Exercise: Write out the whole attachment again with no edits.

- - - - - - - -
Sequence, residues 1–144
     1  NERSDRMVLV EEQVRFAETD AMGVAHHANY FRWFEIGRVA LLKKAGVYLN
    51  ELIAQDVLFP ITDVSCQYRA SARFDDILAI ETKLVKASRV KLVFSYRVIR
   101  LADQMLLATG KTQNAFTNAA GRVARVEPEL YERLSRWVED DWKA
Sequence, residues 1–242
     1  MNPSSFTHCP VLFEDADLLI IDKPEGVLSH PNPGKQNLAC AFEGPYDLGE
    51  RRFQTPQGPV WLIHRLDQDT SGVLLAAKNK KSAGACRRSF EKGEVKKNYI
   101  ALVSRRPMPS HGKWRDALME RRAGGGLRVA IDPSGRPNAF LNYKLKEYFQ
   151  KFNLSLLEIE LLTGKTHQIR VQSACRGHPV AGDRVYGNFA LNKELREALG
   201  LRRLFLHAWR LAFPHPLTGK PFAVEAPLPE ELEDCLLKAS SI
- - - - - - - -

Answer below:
Sequence, residues 1–144
     1  NERSDRMVLV EEQVRFAETD AMGVAHHANY FRWFEIGRVA LLKKAGVYLN
    51  ELIAQDVLFP ITDVSCQYRA SARFDDILAI ETKLVKASRV KLVFSYRVIR
   101  LADQMLLATG KTQNAFTNAA GRVARVEPEL YERLSRWVED DWKA
Sequence, residues 1–242
     1  MNPSSFTHCP VLFEDADLLI IDKPEGVLSH PNPGKQNLAC AFEGPYDLGE
    51  RRFQTPQGPV WLIHRLDQDT SGVLLAAKNK KSAGACRRSF EKGEVKKNYI
   101  ALVSRRPMPS HGKWRDALME RRAGGGLRVA IDPSGRPNAF LNYKLKEYFQ
   151  KFNLSLLEIE LLTGKTHQIR VQSACRGHPV AGDRVYGNFA LNKELREALG
   201  LRRLFLHAWR LAFPHPLTGK PFAVEAPLPE ELEDCLLKAS SI